“So then, first, it is not true theology, and a person is not a true theologian–and thus not a genuine Christian– (1) who either in speech or indeed, makes theology in the Christian religion the art of knowing and disputing, while at the same time he ignores and neglects the practical knowledge of living and is one who has merely the words of the saints, but not their life, as Bernard of Clairvaux said somewhere.  Even Seneca calls this a fatal itch of clever men, that they prefer disputing rather than living; (2) who passes himself off as a theologian and a Christian, but in the meantime does not live for God through Christ, but rather lives—be it for the world, or the flesh, or leisure—fundamentally, for himself; or (3) who though perhaps he even strives to live for God, does not live for God so much through Christ as through his own strength.”

Petrus Van Mastricht, Theoretical Practical Theology, volume 1, pages 107-108.

Shane Lems
Covenant Presbyterian Church (OPC)
Hammond, WI, 54015


Doctrine and Practice Walk Together (Van Mastricht)

 I recently got a copy of Petrus Van Mastricht’s newly translated Theoretical-Practical Theology: Prolegomena (vol. 1)I agree with Michael Horton: this is a remarkable gem!  Van Mastricht was a Dutch Reformed theologian who was quite influential in his day and beyond.  Not only is his work solidly theological and biblical, it is also very practical, as you can tell from the title.  It is true that sometimes Reformed theology is taught in a dry manner with little or no application.  However, I very much agree with those like Van Mastricht who say that theology is eminently practical and applicable.  Below are a few quotes of his that show how theology and practice go hand in hand.  It’s also worth mentioning that Van Mastricht often referred to Paul’s words to Titus in 1:1, where the apostle mentions the knowledge of the truth which is according to godliness (NASB).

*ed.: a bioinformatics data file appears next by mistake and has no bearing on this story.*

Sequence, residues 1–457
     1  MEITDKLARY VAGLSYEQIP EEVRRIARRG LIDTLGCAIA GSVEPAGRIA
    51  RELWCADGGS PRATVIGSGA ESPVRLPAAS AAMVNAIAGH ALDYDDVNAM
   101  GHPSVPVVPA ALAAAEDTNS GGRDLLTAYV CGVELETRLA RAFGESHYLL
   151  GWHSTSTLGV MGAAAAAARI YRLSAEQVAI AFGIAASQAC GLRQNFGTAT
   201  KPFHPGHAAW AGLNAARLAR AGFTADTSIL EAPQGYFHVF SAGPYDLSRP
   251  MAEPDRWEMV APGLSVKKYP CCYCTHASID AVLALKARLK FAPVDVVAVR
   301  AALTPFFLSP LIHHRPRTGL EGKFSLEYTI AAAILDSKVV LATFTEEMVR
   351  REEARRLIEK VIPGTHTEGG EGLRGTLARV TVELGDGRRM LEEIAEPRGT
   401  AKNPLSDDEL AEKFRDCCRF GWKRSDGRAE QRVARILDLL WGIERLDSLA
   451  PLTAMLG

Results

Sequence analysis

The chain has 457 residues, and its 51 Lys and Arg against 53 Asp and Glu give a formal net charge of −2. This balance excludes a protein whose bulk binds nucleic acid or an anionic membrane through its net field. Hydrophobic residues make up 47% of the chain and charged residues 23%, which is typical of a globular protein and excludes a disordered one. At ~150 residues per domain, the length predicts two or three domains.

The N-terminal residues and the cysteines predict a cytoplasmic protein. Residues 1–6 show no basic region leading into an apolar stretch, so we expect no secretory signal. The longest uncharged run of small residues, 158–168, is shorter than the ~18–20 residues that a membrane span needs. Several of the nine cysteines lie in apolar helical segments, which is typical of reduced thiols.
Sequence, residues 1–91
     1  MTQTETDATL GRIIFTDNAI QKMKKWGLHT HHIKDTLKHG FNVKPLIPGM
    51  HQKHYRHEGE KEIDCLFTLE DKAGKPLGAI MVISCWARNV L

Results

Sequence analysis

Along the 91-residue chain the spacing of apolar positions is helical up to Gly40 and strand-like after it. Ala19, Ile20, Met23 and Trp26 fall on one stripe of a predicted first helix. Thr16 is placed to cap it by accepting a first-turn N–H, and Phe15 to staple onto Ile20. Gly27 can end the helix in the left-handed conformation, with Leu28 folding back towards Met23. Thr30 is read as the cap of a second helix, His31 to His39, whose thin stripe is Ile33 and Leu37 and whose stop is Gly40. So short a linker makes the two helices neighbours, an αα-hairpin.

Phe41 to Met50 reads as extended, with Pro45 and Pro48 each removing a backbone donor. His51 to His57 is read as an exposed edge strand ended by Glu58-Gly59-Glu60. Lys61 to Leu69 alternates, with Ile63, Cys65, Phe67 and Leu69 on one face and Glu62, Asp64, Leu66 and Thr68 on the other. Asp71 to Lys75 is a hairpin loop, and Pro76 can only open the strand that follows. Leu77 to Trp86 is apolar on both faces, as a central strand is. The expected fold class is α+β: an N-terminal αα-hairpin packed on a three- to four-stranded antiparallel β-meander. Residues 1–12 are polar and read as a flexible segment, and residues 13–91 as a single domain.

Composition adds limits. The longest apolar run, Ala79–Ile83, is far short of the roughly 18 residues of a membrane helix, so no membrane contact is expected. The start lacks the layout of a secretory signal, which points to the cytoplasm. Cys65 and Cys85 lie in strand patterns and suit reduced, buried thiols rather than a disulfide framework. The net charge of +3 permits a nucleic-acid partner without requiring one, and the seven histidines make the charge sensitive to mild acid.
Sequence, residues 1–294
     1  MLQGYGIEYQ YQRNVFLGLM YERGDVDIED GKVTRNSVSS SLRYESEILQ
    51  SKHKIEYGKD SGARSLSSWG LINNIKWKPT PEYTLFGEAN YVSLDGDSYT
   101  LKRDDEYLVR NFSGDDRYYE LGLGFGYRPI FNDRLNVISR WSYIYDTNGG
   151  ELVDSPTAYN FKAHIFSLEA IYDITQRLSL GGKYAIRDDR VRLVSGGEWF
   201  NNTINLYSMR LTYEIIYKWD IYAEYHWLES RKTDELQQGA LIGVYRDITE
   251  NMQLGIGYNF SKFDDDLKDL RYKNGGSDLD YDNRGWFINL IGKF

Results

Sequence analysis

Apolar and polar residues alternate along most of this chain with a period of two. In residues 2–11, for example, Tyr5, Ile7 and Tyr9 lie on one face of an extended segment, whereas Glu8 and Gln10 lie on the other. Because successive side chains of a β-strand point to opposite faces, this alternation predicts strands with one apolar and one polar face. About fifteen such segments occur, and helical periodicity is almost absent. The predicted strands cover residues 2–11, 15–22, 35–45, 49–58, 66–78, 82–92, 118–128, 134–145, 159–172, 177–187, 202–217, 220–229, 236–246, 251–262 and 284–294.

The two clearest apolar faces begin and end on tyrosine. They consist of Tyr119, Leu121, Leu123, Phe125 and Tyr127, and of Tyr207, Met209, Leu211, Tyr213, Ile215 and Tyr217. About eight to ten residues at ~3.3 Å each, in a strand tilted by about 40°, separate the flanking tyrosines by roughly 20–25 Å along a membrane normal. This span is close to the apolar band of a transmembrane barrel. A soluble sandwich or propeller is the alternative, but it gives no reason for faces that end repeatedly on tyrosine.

…Theology must be taught according to a certain method, and it must be the kind of method in which theory and practice always walk in step together.  In fact, they must walk together in such a way that theory precedes and practice follows in every one of theology’s articles. (p. 67)

We approve, out of all methods, the one that the apostle not only commends in this text to Timothy, when he wishes that theological matters first be taught and then admonished, that thereby practice be perpetually joined to theory, but also employs everywhere throughout his epistles, especially those he wrote to the Romans, Ephesians, Hebrews, and others. By this method, I say again, practice should be joined to theory, not only in the whole corpus of theology, in such a way that the first place is especially reserved for the things that must be believed and the second for the things that must be done, but also that in each member of theology, practice should walk in step with theory in a continuous agreement. (p. 69)